It was by accident that I discovered the horses in my Music classroom.
I hold my Elementary School Music classes in the Assembly Room. Covid-19 has put tight restrictions on my teaching, since we are a school that intends to stay live, five days a week, as long as possible. I face a sea of masks. We don’t sing. None of my hands-on games can be used this year. I don’t want to spend time cleaning chairs so students sit on the floor. Lots of rhythm work this year! New technology, and remote students to pull into my classes.
I like to get the wiggles out during Music class so for my preschool through fourth grade students I find some activity for them to do that makes this listen attentively and move their body in response. One day I asked my littles to go to the side of the room and untie their horses. In reply to my question, they told what color their horses were, which was educational for me. Blacks and bays next to pinks and rainbows.
I told then they needed to guide their horses as I gave drum cues. Quarter note = walk. eighth notes = trot. Switch to 6/8 and quarter-and-eighth became canter, while three eighths signified a gallop. Sometimes I would stop the drum and call, “Whoa!”. If they kept moving, I said, “Hold your horses!” (Private joke for me, har har. Sometimes I crack me up.) For older students I throw in some rhythm patterns as cues for some horses, such as when my drum calls “Black and white, black and white!” or “Rainbow horses run the track.”
I suspect at least half of my kids watch a lot of YouTube. They have the attention span of Doug –squirrel!– and the sensibilities of junior high socialites. These are too cool to show enthusiasm. The other half can sit still and actually want to hear me. So I get such a kick out of watching them all play at riding. They are imaginative, playful. And I just might be indulging in a little role-playing myself as I pretend to be a knowledgeable horse-trainer.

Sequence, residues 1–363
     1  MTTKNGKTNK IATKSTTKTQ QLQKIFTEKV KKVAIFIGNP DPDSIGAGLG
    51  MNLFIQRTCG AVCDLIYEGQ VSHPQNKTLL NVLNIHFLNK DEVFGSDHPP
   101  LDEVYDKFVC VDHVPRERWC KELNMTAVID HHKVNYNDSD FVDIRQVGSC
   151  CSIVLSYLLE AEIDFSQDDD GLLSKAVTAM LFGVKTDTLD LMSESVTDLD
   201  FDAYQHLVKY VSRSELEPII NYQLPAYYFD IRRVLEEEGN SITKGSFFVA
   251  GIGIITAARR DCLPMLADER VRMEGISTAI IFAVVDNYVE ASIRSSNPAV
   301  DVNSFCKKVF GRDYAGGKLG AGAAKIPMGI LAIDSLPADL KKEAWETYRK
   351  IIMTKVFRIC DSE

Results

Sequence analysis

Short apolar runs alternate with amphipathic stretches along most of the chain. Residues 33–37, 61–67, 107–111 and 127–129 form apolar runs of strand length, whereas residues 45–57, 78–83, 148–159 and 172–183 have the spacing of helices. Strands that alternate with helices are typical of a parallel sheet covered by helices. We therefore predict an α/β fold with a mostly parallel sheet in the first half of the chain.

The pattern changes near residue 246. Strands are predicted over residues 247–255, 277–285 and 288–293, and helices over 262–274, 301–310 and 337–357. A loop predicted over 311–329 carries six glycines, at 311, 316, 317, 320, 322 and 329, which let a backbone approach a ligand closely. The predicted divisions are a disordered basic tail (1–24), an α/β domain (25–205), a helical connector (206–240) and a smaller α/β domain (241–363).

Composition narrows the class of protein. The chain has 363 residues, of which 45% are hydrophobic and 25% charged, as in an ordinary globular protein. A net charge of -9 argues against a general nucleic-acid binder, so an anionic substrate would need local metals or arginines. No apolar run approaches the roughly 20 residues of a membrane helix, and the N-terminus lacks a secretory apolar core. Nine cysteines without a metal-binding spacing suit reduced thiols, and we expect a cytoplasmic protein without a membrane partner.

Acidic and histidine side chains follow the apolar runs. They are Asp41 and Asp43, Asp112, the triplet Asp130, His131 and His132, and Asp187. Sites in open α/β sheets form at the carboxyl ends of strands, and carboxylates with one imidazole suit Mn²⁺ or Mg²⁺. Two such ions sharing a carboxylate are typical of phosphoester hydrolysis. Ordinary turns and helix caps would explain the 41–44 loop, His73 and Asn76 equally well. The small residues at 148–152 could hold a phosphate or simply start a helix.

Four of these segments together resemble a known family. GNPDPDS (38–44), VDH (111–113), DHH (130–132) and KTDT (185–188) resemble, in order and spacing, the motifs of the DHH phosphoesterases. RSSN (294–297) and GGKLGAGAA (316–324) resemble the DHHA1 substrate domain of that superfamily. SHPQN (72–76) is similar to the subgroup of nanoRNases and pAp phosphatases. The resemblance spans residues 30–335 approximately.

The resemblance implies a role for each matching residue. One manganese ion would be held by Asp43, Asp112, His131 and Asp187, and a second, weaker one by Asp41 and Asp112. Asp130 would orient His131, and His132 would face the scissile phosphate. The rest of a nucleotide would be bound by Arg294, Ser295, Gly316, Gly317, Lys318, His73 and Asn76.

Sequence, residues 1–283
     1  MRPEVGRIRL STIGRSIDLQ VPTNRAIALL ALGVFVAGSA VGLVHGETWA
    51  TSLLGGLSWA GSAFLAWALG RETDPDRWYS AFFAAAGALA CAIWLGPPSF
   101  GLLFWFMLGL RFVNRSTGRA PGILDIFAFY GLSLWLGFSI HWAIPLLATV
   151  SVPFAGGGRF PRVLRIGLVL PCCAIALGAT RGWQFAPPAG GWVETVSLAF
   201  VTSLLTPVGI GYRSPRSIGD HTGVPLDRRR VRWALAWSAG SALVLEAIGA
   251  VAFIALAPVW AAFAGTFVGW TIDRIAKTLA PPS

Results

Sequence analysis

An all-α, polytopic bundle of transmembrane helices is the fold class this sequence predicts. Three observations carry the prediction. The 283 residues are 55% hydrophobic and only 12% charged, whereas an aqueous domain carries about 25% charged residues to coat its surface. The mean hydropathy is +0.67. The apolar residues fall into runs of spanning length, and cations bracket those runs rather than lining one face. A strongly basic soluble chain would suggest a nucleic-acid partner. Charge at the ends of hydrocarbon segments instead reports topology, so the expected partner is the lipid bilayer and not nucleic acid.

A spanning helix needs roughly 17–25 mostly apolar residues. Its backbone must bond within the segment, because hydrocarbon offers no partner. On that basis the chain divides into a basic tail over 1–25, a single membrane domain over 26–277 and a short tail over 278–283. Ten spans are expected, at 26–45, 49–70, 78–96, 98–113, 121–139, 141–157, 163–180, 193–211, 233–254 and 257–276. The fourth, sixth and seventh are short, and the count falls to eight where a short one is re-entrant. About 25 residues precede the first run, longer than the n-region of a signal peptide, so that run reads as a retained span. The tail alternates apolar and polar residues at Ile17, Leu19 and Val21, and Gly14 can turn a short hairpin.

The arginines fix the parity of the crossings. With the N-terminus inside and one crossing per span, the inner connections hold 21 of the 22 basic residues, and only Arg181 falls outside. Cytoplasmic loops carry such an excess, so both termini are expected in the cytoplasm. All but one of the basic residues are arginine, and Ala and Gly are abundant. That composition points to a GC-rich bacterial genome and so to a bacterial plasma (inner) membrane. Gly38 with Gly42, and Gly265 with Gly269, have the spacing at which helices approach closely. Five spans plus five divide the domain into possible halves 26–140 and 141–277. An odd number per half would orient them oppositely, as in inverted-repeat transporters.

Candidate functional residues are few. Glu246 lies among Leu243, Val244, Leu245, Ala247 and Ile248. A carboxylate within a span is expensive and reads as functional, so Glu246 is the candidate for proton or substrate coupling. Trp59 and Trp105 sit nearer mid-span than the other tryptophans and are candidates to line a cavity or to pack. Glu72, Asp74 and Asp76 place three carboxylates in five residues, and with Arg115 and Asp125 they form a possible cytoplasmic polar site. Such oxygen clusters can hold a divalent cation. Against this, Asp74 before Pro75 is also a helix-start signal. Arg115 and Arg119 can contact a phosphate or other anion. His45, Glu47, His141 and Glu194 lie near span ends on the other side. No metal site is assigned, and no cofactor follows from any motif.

I will be frank with you, O reader of Letters from Heart’s Content. I am not doing so well with teaching this year. I can’t begin to express how frustrated I am by all the limitations I face. No singing. No touching games. I can’t see the faces of my students. Who is speaking to me? I can’t read lips to pick a voice out of the ambient noise. The best part of the day is when I go outside and rip that thing off, gulping down crisp air. Such a small thing, such a wide delight.
[One day as the third-fourth class was coming in I saw a new student. Students have been flowing into our school, particularly in K-6. I touched her shoulder and gave her a warm-but-masked smile and asked her name. The kids laughed and she looked at me oddly. No, it was a student I have known for four years! However, the class assured me kindly, it was understandable because she had new glasses and had straightened her hair. What shocked me then is that I asked her to remove her mask for a moment so I could see her face and realized it was a lot more mature than I remembered it. My students are growing up under those cloth masks and when they finally take them off they won’t be the young’uns I remember.]
I have days of work ahead of me as I pull together the virtual concert I have been working on since early October. I have to learn how to use the programs Audacity and Da Vinci Resolve so I can marry soundtrack and video for each class performance. If I can pull this off, we all get to “attend” the concert from the comfort of our couches on a dark December night, watching on YouTube. I hope. I would love your prayers for success in this project.
I have often thought of you, my readers, most of whom are known to me personally. We stand on distant shores and how wide the divide! I know you have hauntingly similar stories: family you won’t see at the most important holidays of the year; a sharply reduced social life; movie scenes that make you feel uncomfortable because those people aren’t social-distancing; economic challenges; favorite stores that have closed the doors forever; and now– a shortage of aluminum foil!!!
I hope you are counting the pleasures and finding a cornucopia of reasons to give thanks.